When a black music teacher in Maywood Academy High School in the Los Angeles Unified School District asked a 14-year-old student to leave the classroom because he wasn’t wearing a proper uniform, the boy repeatedly used a racial epithet and threw a basketball at the teacher. The teacher initially walked away but then punched the boy in the face and continued the beating as the insulting persisted. The teacher was arrested for child abuse (“Teacher arrested after fight with student,” Los Angeles Times, Nov. 5).
I’m not at all surprised by what happened. I blame the present situation on the student-rights revolution that began in 1965. Until then, teachers were expected to act in loco parentis. But lawyers, backed by philanthropic behemoths, started suing schools for disciplining students. Since then, disrespect on the part of students has grown. The present incident is different only in that it involved a teacher who retaliated. In most cases, teachers are assaulted by students.
I don’t condone what the teacher did. But he was deliberately provoked by the student. How much abuse can any teacher be expected to take before lashing out? Apparently, I’m not alone in this belief. More than 2,600 people have donated more than $65,000 for his legal defense. Critics will be quick to argue that there is no excuse whatsoever for a teacher hitting a student, maintaining that it is child abuse. Would they say that if the student threw the first punch? What about the student in the present case? Will he be merely suspended or rightly expelled?
The U.S. Supreme Court’s ruling in Goss v. Lopez in 1975 gave all students the right to contest in court any decision made by their teachers. What we’re seeing now is the predictable outcome of that decision. As then Justice Lewis Powell correctly said, students who do not learn the necessity of rules will be handicapped for life.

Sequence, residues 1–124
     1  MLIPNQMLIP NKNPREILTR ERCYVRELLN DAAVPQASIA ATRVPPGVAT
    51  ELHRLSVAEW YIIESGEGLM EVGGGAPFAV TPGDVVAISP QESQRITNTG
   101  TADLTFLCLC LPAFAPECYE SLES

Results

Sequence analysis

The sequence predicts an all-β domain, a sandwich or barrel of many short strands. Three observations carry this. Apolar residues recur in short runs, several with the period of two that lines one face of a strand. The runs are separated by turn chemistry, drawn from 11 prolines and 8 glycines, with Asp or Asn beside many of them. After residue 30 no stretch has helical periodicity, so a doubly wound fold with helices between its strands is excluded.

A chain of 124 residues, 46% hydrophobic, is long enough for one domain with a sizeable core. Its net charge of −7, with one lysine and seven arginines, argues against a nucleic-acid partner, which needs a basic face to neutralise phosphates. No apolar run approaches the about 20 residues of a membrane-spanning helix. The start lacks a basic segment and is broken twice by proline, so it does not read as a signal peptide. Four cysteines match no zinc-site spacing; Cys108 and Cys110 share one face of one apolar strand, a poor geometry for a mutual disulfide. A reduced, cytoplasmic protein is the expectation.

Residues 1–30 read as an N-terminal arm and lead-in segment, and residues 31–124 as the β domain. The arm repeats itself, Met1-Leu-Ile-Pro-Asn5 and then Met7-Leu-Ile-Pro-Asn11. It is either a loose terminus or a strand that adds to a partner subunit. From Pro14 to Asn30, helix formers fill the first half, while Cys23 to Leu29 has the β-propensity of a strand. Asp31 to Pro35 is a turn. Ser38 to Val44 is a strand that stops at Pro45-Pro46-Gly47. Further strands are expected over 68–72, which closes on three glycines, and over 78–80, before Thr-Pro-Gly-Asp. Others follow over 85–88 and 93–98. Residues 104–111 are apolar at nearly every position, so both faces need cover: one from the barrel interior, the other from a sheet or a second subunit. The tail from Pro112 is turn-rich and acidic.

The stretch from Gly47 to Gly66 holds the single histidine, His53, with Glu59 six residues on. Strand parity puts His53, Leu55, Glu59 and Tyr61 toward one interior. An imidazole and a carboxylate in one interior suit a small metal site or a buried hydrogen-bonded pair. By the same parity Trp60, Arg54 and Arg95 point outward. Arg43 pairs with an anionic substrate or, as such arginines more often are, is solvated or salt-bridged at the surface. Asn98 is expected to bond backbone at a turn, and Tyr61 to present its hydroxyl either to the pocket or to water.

(To post a comment, click on the title of this blog.)
10 Replies to “Teachers provoked by students”
Seems like the teacher’s conduct in this case should be analyzed as possible job misconduct rather than as possible criminal misconduct. This is a close analogy to the many well-publicized cases involving police officers who shoot people (often black men) when, with the application of 20-20 hindsight, it’s clear that the shooting was unwarranted.
Everyone makes mistakes on the job. Usually, when X makes an on-the-job mistake, X’s conduct is reviewed by X’s employer and the employer imposes discipline/discharge. If Y is harmed (physically or financially) by X’s conduct, Y sues the employer for damages. If supermarket Cashier C makes a mistake and gives Shopper S $10 too little change, no one would suggest that C be arrested and prosecuted for theft. Instead, the employer would probably give C a warning to be more careful and, if C made several such mistakes, the employer would eventually discharge C. And, of course, the supermarket owes S the $10.